The integration into formal/informal organisations indicates organisational support for minority social groups beyond work operations, and the degree of cultural bias shows the level of discrimination due to social differences. The level of organisational identification examines the gap between the majority and minority group in the organisation, and the degree of intergroup conflict explores the impact of conflicts caused by social differences.
 
The major difference of all three types of organisations is the level of inclusion of women and minorities in the organisation (Stockdale and Crosby, 2004). In the Monolithic type, which is the major form within organisations in the Unites States (Gold et al., 2010), minorities are required to adapt to the already existing organisational culture. In addition, these organisations are made up of a high number of white males with a low number of women and minority men in managerial positions.
 
Cox (1991) acknowledges that this scenario occurs in organisations where an identity group is dominant. He states as instances a minority owned business, or foreign companies in operation within the United Sates (Cox, 1991). He further identifies that organisations who exhibit this structure argue that geographical location and size are major influences they experience towards change (Cox and Stacy, 1991).
 
Pluralistic organisations identify the impact of women and minorities within the workplace as significantly valuable; hence, they are able to achieve a level of structural integration although this doesn’t change the organisational structure (Cox, 1991; Stockdale and Crosby, 2004). Areas affected include hiring, promotion, management training on equal opportunity rights and audits on compensation (Cox, 1991). This model is also dominant within organizations in the United States (Metcalfe, 2010), with Cox (1994) giving examples of companies within the United States practising this (Coca Cola, General Motors, Phillip Morris, and Chrysler).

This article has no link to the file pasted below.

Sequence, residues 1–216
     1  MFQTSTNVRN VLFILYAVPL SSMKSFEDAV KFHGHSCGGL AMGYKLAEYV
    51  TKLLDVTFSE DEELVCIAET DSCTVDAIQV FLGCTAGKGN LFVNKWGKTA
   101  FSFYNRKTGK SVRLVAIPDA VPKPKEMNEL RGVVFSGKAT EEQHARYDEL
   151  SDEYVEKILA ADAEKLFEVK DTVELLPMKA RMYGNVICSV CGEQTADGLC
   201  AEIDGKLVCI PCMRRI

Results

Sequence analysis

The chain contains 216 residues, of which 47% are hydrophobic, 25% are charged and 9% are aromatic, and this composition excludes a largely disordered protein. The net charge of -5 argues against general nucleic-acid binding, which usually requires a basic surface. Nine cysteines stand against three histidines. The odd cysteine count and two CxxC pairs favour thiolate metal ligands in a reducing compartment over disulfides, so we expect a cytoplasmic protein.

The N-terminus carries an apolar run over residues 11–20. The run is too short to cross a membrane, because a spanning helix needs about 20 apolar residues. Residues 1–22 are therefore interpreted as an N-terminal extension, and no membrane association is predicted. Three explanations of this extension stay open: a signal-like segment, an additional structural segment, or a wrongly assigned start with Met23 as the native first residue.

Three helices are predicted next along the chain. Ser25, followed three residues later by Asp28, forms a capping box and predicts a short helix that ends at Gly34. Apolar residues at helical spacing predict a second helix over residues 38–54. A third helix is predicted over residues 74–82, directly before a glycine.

Although these types of organisations achieve a level of integration, there is some limited evidence that they still have an integration approach to social control, which Cox (1994) identifies as a characteristic of a monolithic organisation. The third type of organisation, which is multicultural, not only values and allows contributions from women and minorities, but adjusts the organisational structure to utilize the diverse workforce represented (Cox, 1994).
 
Further, Cox (2001) stresses that an organisation has to be multicultural in practice to be able to manage its diverse workforce effectively (Stockdale and Crosby, 2004) Cox (2001) believes that for an organisation to handle diversity effectively, it should be a multicultural organisation.
 
Cox (2001) further developed this theory as he identified five areas where change needs to occur in an organisational structure to qualify as a multicultural organisation; these include leadership components, research and measurement, education, alignment of management systems and follow-up. He further defined this as a model towards cultural change (Cox, 2001).
 
In an explanation of the model, Cox (2001) sees leadership as key for organisational change as leaders ensure organisational vision is well represented, motivate staff, and provide the required environment for the achievement of these organisational goals. This links to research and measurement, which can ensure that the data required to solve organisational problems (which include environmental factors) are gathered, and he explains that measurement is the process by which the data collected can be used to monitor progress within the organisation. He stresses that, for an organisation to be successful at change, they will need to be knowledgeable about the necessary data, and desired results must be precisely identified during the change process (Cox, 2001). Including education as another link, Cox (2001) explains this is to help the staff learn about any organisational change process. Most companies include education within their training programmes.
 
Alignment of management system is the fourth area, and relates to organisational policies and practices. These include the human resources practices such as recruitment, promotion, training and development. Cox (2001) recommends that these need to be in line with the company’s goal to achieve diversity. Subsequent, Follow-up, which is the fifth area but not necessarily the last link, has to do with the implementation of action towards achieving cultural change within the organisation. It could intersect with other areas, but links most strongly with research and measurement (Cox, 2001).